Preservation Round-Up: Reflecting on Buffalo Edition

Posted on: October 26th, 2011 by David Garber 1 Comment

A whole lotta... (Photo: National Trust for Historic Preservation)

Buffawhoa. That (and many other creative, lovable, and definitely-not-cheesy-at-all portmanteaus such as Buffalove and the ever-popular Buffalookatalltheseoldsilos) emerged as the general sentiment after last week's National Preservation Conference in Buffalo, New York. Conference attendees engaged with the city, and - with a sigh of "Finally!" and the help of efforts like Buffalo Unscripted - the city felt heard.

For our last strictly-Buffalo round-up (for now...), we wanted to spread the Buffalink love on stories that reflect back on conference week.

New for Buffalo: A superiority complex. The Buffalo News.
"Our inferiority complex as a downtrodden, Rust Belt city suffered a major blow over the past four days - and recovery may be difficult. ... To borrow a line from Sally Fields' 1985 Oscar acceptance speech: They liked you, Buffalo. They really liked you."

Impact from Preservation Conference Resonates Near and Far. WNED Buffalo Toronto.
"The head of the organization charged with boosting tourism in the region says last week's National Preservation Conference was "a game changer" for the community. Visit Buffalo Niagara President Dottie Gallagher-Cohen says the multi-year effort put into the conference was not just about its $4.5 million immediate economic impact. ... Gallagher-Cohen says many of the 2,500 preservationists were "blown away" by what they saw. She predicts the conference will be paying dividends for many years to come."

Preservation is the way – thoughts following #presconf.
"Here’s how I see it - yes, Buffalo has its problems.  But we’re not the only city that has problems.  We have great people, but we’re not the only city that has great people.  So what really distinguishes Buffalo?  What makes Buffalo Buffalo?  Location.  And History.  In one word -- Place."

Another Reason To Move To Buffalo: The Architecture Is Amazing.
"A year ago I wrote If You Really Want To Get Off Oil, Move To Buffalo, about its incredible infrastructure. What I didn't know at the time was that its architecture is absolutely extraordinary, and that the city is going through and exciting rebirth and revitalization."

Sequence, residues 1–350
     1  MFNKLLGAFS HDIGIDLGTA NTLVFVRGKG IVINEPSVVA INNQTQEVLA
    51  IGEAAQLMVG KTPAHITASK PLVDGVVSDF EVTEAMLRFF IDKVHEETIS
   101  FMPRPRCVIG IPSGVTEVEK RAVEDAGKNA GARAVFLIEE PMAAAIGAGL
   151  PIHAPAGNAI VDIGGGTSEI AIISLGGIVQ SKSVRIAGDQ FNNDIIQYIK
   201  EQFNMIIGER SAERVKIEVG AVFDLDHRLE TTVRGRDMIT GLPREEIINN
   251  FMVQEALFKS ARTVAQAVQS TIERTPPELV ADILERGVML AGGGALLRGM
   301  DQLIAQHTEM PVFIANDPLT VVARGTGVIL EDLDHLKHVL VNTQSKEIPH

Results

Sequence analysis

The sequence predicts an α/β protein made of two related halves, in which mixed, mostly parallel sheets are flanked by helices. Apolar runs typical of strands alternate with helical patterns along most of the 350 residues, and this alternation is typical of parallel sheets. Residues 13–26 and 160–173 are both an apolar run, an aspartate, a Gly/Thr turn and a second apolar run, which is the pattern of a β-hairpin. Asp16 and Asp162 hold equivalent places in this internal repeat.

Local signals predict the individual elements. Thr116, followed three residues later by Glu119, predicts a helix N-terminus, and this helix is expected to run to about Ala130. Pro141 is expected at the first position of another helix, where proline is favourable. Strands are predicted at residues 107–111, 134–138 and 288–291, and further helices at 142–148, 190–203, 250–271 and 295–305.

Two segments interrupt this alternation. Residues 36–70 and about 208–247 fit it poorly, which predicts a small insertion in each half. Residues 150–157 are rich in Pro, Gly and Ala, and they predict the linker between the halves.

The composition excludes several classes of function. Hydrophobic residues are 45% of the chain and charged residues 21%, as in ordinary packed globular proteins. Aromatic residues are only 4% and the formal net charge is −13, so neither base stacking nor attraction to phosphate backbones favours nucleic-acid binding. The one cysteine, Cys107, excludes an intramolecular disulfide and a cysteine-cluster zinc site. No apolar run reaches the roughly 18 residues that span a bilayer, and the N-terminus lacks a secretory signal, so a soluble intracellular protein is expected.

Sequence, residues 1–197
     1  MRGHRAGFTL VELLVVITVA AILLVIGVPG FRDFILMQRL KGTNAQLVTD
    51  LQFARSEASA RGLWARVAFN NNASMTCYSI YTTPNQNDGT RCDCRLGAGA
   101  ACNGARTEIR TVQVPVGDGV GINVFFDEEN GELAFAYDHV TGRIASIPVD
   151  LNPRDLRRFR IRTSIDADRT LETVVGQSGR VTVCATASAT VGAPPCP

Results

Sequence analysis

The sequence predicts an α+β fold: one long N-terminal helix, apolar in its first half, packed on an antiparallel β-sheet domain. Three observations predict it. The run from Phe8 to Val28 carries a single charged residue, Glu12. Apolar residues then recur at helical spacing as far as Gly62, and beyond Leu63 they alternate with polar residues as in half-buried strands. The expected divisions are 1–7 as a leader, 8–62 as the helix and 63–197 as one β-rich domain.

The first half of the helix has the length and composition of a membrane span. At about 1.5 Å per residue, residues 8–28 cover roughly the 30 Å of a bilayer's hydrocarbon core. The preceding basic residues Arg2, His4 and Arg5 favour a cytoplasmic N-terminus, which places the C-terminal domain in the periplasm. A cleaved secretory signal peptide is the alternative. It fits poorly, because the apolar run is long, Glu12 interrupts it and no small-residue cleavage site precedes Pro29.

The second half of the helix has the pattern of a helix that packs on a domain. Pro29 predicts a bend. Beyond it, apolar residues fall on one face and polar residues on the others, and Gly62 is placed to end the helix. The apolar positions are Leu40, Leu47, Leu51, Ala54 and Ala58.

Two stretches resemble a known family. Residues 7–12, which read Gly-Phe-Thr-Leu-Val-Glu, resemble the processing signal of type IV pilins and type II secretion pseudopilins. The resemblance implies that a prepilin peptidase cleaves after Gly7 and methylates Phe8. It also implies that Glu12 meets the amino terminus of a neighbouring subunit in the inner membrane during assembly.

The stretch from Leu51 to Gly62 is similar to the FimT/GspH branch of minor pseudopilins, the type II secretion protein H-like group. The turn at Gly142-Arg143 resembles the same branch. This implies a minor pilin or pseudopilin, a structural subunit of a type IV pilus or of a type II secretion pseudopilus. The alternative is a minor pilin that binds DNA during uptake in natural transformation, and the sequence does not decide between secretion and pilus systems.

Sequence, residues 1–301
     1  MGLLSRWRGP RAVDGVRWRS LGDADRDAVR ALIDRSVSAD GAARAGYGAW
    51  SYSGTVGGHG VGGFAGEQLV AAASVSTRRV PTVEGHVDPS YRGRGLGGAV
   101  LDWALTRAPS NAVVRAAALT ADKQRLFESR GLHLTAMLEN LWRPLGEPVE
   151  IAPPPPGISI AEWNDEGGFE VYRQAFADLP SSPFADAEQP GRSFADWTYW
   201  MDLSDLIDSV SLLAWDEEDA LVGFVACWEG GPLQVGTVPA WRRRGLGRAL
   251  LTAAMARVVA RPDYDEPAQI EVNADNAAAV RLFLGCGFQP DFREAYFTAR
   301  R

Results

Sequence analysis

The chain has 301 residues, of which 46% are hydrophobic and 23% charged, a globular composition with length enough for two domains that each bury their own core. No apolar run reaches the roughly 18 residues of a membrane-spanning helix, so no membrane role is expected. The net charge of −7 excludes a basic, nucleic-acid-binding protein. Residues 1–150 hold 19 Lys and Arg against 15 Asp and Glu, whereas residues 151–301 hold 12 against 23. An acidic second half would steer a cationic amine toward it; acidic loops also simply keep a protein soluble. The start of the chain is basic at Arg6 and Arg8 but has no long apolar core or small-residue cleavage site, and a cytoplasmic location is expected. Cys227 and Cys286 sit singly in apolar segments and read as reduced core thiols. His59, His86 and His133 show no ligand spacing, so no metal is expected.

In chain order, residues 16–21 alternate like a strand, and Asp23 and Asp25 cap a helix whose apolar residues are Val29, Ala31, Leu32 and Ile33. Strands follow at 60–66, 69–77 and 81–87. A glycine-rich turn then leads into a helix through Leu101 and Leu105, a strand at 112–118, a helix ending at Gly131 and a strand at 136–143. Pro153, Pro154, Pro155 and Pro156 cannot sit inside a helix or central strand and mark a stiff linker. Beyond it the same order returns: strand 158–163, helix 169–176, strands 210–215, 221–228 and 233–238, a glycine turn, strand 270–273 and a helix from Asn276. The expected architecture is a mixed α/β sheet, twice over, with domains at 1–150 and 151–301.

As much as in buildings, renewal lies in the arts. The Buffalo News.
"...What may have floated under the radar for some conference attendees - at least those who missed the Trust’s extraordinarily moving and comprehensive documentary “Buffalo Unscripted” - is the head-spinning range and vitality of Buffalo’s active culture. That includes the city’s more than 20 professional theaters currently churning out work, its dozens of art galleries large and small and its growing trove of DIY art spaces - without which our storied edifices would serve merely as pretty headstones marking a monochrome landscape of faded glory."

Buffalo Unscripted moves a city.
"I arrived at Market Arcade Theatre a good hour and a half before the 7:30 p.m. film start time, and the place was already buzzing with excitement and Buffalove. By 6:30 p.m., rumors of the event selling out were already surfacing among event-goers in theater’s lobby and on Twitter. As guests were allowed into the theater shortly after 7 p.m., the excitement mounted, the #BUFunscripted tweets got heavier and the fun began."

David Garber is a member of the Digital and New Media team at the National Trust for Historic Preservation. He's never actually stepped foot in Buffalo, but after weeks and months of editing Buffalo-centric posts on this blog is now ultra pumped to visit.

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Conferences, General, News Round-Ups

One Response

  1. David Matthews

    November 2, 2011

    Thank you, thank you, Buffalo! I was thrilled with the “hard hat” tour of the Richardson Complex and the depth of outstanding architectural treasures you proudly display. I know they will be paramount to the success of the cultural and economic rebirth of your city.

    I only hope you take equal pride in the vast hidden history that lies in peril of commercial development, such as the historic Black Rock Union Meeting House and church at 44 E Breckenridge, between the river and Niagara Street — not to mention the last remaining example of the Mason Workman’s’ Cottages at 19 Mason Street, named after James Mason in the 1836 publication, “A Concise View of Black Rock.” It is the last chance to preserve the Pre-Civil War housing, once known as “The Mason Houses” that were developed along this previously picturesque, little street of the 19th Century, so aptly described by Frank Severance on page 272 of the Buffalo Historical Society’s “Picture Book of Earlier Buffalo.”

    Congratulations, Buffalo, on hosting such a successful conference.